In many individuals with acquired aphasia, language function improves to some extent over time. This recovery process is thought to depend on neuroplasticity, that is, functional reorganization of brain regions involved in language processing. There is great interest in characterizing this reorganization process, and determining whether it can be facilitated by behavioral, neuromodulatory or pharmacological interventions. However, a major roadblock to this line of research is that it is challenging to identify language regions of the brain in individuals with aphasia. Tasks commonly used to engage language processing, such as narrative comprehension and picture naming, are limited in terms of validity (identification of language regions, and not other regions) and reliability (test-retest reproducibility). On the other hand, paradigms such as semantic decision that are effective in mapping language in people without aphasia (for instance, presurgical patients), are typically too challenging for people with aphasia. The overall goal of this study is to develop an adaptive semantic matching paradigm that can be successfully performed by people with aphasia, and that is valid and reliable in identifying language regions in individual patients. The key innovation is an adaptive staircase procedure whereby each individual is presented with stimuli that are challenging yet within their competence, so that language processing can be fully engaged in people with and without language disorders. The feasibility, validity and reliability of this adaptive semantic matching paradigm will be evaluated and compared to two commonly used paradigms: narrative comprehension and picture naming. It is hypothesized that the adaptive semantic matching paradigm will be more effective than these commonly used paradigms. The experimental control scripts, stimuli, and normative brain imaging data will be made freely available to other researchers. Moreover, this study will establish a formal framework for quantifying feasibility, validity and reliability of language mapping paradigms in this clinical research context, so that other potential approaches can be similarly evaluated.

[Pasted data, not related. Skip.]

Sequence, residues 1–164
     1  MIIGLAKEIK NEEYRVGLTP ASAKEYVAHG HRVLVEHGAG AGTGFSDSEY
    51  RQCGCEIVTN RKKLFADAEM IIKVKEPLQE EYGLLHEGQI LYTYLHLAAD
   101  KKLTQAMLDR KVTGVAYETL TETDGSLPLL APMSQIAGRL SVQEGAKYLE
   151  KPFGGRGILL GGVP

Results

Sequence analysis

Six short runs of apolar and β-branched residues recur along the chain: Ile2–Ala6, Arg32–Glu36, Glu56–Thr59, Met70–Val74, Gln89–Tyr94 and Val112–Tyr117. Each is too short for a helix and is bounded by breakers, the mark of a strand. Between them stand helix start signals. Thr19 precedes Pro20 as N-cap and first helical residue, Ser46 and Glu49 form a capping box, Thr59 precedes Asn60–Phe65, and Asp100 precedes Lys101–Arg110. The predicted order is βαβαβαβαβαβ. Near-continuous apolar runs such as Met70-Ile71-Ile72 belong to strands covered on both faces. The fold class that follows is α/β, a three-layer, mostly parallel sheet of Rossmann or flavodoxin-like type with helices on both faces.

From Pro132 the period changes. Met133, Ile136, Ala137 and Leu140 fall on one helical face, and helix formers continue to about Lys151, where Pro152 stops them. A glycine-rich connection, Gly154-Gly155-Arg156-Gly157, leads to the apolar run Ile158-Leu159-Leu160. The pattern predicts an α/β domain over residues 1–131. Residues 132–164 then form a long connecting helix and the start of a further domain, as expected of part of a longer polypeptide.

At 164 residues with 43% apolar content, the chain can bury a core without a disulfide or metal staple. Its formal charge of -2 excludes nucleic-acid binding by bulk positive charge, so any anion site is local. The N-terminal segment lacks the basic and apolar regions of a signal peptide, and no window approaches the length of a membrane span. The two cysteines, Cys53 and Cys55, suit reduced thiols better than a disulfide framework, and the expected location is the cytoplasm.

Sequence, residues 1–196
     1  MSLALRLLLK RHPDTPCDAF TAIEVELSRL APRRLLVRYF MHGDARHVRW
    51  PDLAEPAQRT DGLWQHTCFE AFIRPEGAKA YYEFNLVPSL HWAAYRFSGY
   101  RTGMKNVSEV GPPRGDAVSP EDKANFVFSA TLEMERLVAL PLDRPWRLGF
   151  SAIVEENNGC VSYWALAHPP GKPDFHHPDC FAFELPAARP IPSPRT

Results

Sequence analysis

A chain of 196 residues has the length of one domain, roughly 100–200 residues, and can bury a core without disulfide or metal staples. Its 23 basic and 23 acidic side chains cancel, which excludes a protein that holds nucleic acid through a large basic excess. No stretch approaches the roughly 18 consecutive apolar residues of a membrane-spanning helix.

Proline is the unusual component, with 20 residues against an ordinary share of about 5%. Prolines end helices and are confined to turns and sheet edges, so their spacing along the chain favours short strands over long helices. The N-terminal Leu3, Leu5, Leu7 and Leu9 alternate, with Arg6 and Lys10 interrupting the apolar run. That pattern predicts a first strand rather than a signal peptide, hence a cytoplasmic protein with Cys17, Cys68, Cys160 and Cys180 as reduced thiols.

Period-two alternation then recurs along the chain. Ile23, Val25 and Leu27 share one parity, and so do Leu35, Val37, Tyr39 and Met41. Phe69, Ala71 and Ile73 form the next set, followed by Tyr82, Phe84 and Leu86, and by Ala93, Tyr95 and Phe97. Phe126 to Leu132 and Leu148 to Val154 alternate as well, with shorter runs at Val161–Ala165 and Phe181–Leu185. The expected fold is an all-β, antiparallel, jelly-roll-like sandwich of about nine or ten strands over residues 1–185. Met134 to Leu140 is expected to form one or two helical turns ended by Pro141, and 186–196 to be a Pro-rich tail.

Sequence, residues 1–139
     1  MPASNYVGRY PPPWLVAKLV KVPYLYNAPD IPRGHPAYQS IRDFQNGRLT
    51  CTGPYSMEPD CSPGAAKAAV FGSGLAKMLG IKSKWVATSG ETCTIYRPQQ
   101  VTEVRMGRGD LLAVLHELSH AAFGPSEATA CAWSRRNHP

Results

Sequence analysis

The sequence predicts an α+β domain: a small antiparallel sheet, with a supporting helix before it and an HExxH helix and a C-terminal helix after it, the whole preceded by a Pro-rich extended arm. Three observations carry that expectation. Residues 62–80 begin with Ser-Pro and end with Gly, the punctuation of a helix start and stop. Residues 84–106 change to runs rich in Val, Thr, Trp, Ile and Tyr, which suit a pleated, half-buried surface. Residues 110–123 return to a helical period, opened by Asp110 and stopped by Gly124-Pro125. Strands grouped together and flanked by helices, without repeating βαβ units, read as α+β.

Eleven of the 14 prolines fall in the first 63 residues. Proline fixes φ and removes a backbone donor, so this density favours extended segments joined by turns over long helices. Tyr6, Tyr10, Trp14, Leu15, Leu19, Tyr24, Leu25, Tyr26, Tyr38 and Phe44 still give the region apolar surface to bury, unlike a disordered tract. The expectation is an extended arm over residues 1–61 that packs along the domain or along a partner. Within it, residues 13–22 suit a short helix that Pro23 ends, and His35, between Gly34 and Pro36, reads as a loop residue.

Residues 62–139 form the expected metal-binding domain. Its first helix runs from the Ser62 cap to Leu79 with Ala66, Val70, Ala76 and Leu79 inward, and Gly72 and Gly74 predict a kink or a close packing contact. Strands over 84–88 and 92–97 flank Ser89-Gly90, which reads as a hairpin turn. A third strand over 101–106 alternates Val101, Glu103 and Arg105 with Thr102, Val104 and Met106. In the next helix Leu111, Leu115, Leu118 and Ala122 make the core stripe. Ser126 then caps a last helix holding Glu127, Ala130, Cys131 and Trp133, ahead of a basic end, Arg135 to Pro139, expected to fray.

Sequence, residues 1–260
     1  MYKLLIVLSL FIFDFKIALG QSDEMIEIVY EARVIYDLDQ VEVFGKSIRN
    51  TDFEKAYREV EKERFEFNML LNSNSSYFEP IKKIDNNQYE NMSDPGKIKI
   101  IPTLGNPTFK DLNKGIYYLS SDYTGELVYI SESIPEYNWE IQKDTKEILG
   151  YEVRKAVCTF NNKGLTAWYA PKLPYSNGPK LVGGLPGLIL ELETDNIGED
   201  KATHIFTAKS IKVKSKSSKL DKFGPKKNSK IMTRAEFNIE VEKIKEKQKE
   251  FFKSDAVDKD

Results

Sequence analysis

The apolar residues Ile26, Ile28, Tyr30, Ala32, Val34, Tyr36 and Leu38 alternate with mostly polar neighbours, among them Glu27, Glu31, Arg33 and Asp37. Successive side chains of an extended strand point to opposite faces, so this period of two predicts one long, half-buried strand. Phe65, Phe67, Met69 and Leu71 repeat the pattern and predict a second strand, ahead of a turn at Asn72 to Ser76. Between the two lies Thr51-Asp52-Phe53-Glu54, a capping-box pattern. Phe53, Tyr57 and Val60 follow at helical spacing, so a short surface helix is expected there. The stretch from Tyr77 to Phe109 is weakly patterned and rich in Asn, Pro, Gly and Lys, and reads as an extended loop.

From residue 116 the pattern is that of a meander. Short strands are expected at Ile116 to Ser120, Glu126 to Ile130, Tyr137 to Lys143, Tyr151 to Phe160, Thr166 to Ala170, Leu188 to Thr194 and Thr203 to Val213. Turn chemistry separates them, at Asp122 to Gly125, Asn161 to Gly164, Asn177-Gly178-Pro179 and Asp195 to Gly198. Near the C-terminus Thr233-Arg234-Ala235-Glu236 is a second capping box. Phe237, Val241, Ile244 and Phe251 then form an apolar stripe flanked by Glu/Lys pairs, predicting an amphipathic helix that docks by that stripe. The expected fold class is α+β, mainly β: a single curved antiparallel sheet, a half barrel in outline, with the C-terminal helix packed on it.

Studies on functional reorganization of language regions of the brain critically depend on the ability to identify language regions in individual patients and quantify any changes that take place over time. The absence of psychometrically sound language mapping paradigms that are feasible in individuals with aphasia is a significant roadblock to this research. The proposed study will develop an adaptive semantic matching paradigm that will provide a foundation for future research on neuroplasticity of language regions.
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